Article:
Russia’s Gazprombank Is Looking Into Selling Its Swiss Operations

Russia’s Gazprombank is looking into strategic options for its Swiss operations, including the sale of all or portions of it, according to Zurich-based Gazprombank Switzerland.

Because the other big Russian banks are sanctioned for Moscow’s invasion of Ukraine, Gazprombank is one of the only surviving routes for financing commercial flows between Russia and Switzerland.

Its Swiss operation, which employs approximately 80 employees, is primarily engaged in trade and export financing, including assisting Swiss industrial groupings in financing exports to Eastern Europe. It also funds commodity dealers’ extraction, transportation, and processing of raw resources from Russia to Western Europe.

“The Bank currently expects to conclude the strategic review process – including finding an investor if such option is pursued – by the end of the third quarter of 2022,” it said.

According to one industry insider who declined to be named, the bank may be valued at roughly 150 million Swiss francs ($154 million) based on equity of about 200 million Swiss francs.

Financial investors or other banks could be potential bidders for parts or all of Gazprombank, according to a representative for Gazprombank Switzerland, who declined to comment on a valuation.

According to an industry source, commodity traders may be interested in Gazprombank Switzerland, and the first potential purchasers have already indicated interest.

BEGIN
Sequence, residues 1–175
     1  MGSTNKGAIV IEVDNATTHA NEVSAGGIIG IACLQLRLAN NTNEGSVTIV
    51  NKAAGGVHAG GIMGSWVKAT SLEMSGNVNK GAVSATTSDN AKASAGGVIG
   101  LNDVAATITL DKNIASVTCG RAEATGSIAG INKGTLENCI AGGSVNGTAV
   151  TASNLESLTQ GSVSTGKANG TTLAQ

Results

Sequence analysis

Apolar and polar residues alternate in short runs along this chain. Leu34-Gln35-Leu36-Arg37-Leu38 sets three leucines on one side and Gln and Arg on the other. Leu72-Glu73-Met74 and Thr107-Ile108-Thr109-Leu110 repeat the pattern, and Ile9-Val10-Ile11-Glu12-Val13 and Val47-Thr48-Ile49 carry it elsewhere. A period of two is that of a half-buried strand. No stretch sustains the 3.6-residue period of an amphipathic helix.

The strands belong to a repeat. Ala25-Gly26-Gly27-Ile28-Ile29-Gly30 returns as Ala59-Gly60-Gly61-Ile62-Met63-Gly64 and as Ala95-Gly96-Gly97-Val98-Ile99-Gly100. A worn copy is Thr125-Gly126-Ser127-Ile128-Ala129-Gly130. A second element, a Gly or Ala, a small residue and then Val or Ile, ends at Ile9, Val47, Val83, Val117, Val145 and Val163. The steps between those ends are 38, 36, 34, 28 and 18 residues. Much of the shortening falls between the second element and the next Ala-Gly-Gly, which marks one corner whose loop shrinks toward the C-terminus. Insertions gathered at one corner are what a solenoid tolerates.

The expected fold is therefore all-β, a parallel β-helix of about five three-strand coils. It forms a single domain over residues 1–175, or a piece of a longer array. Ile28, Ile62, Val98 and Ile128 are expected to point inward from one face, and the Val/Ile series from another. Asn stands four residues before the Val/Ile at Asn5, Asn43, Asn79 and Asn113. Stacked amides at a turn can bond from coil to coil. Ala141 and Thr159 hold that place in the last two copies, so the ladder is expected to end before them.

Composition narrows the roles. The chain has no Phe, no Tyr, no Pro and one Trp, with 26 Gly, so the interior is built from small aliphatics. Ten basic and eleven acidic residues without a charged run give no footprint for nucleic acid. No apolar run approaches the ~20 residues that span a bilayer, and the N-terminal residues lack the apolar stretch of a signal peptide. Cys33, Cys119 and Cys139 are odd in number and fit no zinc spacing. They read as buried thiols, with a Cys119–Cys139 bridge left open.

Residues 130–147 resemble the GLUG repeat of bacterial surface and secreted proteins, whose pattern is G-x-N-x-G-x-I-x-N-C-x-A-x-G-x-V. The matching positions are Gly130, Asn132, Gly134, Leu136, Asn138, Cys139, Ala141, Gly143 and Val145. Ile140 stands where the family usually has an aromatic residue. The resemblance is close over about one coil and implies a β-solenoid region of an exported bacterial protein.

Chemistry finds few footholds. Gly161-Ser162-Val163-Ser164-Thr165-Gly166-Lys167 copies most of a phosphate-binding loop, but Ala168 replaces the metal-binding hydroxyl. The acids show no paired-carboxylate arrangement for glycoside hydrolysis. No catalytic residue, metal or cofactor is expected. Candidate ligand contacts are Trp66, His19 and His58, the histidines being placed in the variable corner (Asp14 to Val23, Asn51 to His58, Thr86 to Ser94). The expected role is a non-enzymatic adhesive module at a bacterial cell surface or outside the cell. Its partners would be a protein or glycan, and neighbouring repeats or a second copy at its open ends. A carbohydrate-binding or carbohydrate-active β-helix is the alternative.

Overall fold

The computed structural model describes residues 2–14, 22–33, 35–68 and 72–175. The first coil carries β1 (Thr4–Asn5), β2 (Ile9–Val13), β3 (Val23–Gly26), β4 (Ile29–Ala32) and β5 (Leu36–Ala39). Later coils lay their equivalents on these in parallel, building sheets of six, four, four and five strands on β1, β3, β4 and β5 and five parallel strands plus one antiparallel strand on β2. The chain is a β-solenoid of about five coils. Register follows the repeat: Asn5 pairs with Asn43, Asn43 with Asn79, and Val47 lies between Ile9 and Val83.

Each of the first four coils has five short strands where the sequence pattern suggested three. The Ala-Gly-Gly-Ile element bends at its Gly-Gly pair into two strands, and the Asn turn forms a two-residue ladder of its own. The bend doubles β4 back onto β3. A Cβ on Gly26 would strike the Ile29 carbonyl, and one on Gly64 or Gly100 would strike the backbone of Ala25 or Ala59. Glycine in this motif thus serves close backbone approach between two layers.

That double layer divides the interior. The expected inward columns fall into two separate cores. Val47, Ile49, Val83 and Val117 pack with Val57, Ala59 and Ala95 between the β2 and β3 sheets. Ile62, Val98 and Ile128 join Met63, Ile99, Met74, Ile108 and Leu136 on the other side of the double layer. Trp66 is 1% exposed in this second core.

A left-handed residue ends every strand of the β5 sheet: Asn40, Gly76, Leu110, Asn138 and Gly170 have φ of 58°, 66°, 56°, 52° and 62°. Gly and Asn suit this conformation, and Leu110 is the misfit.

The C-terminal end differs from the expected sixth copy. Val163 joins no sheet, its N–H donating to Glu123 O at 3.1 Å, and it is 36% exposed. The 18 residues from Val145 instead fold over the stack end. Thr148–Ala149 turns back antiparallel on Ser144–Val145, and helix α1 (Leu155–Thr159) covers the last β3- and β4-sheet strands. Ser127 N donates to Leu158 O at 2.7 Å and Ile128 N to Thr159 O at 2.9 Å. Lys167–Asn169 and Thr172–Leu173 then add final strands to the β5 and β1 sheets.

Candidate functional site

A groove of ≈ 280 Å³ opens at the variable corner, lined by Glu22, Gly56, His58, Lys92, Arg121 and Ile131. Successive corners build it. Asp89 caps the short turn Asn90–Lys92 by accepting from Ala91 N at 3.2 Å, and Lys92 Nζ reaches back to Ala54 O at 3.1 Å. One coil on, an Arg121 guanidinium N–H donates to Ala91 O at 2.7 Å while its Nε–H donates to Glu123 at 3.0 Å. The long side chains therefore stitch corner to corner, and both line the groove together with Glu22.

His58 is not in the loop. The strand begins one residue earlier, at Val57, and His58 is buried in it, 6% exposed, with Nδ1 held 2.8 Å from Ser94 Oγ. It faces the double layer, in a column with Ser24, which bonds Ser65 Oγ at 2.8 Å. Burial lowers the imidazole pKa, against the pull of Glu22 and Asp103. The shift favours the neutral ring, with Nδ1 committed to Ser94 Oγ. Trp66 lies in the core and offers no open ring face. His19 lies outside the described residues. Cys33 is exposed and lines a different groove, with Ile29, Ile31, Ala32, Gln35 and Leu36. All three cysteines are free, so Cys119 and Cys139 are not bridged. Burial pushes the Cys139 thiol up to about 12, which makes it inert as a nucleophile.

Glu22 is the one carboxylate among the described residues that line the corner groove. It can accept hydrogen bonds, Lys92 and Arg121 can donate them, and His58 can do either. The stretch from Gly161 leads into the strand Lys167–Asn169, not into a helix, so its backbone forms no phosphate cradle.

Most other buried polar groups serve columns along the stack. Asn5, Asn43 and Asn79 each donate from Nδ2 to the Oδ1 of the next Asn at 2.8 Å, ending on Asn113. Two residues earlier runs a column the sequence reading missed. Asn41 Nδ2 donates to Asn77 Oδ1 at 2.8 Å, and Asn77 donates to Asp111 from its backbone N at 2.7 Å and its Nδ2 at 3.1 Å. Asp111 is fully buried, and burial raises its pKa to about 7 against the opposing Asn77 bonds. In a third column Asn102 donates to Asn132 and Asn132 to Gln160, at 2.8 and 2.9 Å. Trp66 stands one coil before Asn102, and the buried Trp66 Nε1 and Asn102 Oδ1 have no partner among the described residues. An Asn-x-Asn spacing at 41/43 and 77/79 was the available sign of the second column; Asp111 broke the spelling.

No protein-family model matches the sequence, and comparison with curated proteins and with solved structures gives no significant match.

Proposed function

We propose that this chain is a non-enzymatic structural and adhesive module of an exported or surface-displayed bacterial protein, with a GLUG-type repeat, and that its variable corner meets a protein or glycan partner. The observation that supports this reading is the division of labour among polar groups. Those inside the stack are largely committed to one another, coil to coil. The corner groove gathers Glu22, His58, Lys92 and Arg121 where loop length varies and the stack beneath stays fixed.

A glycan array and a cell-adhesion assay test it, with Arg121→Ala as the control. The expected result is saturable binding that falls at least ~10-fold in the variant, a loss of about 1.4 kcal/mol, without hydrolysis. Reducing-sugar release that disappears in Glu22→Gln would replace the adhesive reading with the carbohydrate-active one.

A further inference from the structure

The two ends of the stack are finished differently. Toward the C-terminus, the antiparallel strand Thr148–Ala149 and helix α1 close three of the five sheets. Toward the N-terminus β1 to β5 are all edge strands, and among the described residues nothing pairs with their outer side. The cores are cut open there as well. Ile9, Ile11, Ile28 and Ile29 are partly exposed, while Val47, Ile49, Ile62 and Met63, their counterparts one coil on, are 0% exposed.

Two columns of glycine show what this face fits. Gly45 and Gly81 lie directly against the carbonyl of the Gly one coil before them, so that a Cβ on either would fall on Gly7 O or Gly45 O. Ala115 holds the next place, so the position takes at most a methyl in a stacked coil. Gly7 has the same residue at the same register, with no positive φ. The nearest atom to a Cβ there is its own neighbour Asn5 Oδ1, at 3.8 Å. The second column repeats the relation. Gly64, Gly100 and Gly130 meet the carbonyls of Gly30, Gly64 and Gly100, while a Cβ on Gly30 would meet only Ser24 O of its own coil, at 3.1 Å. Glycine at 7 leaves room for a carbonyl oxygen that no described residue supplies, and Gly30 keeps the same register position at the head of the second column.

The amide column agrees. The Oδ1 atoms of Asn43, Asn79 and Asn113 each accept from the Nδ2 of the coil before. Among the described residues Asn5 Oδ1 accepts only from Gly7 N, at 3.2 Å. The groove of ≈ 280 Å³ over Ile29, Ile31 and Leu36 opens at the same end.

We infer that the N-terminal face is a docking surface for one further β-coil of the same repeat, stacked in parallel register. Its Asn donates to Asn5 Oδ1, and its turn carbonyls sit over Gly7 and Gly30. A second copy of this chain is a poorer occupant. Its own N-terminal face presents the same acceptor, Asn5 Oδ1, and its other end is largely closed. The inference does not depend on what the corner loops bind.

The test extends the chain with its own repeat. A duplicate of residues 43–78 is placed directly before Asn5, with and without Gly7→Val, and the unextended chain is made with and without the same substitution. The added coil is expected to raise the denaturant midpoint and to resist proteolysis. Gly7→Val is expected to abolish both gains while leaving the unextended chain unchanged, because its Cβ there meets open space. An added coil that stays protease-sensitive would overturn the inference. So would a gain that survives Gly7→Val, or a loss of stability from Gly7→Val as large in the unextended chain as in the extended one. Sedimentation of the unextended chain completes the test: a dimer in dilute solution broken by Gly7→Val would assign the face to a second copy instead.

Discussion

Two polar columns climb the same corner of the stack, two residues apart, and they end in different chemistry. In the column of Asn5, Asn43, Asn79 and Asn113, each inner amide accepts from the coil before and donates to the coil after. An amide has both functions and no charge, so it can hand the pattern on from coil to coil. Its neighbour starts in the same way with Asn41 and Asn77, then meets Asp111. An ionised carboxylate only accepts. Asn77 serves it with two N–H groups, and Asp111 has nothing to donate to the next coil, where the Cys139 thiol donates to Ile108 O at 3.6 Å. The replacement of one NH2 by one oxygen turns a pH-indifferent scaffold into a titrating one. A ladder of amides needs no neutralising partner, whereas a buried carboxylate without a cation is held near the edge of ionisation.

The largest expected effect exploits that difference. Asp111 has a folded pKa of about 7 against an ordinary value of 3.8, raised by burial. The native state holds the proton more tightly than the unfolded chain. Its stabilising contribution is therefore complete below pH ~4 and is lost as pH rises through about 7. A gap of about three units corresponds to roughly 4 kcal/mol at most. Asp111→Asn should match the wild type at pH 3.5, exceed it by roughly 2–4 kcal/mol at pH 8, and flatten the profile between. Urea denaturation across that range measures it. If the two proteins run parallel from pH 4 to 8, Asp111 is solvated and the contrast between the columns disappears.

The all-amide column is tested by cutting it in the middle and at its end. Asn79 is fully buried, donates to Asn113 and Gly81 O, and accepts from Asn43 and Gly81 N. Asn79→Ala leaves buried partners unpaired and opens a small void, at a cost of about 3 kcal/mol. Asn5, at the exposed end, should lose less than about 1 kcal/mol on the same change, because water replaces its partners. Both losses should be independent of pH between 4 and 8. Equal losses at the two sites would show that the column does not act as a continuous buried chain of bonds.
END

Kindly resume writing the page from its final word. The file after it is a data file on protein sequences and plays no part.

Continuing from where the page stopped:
“It is the responsibility of the Board of Directors to regularly review the strategic orientation of a bank and to realign the business model if necessary,” the spokesperson said when asked whether existing or potential international sanctions had triggered the strategic review.

When asked if the Swiss Financial Market Supervisory Authority FINMA had any effect, a bank representative stated, “The initiated strategy review is in the bank’s own interest and not due to external pressure.”

The spokeswoman stated that Gazprombank Switzerland was well capitalised and operationally positioned.

According to the most recent publicly available data, Gazprombank Switzerland earned 3 million Swiss francs in the first half of 2021, down from 4 million the previous year.

Gazprombank isn’t the only Swiss unit of a major Russian bank that could be sold shortly.

Sberbank’s limitations have been relaxed by FINMA (Switzerland). According to the watchdog, this would allow the bank to decrease its balance sheet in preparation for a prospective sale or change of ownership.

(Adapted from Reuters.com)

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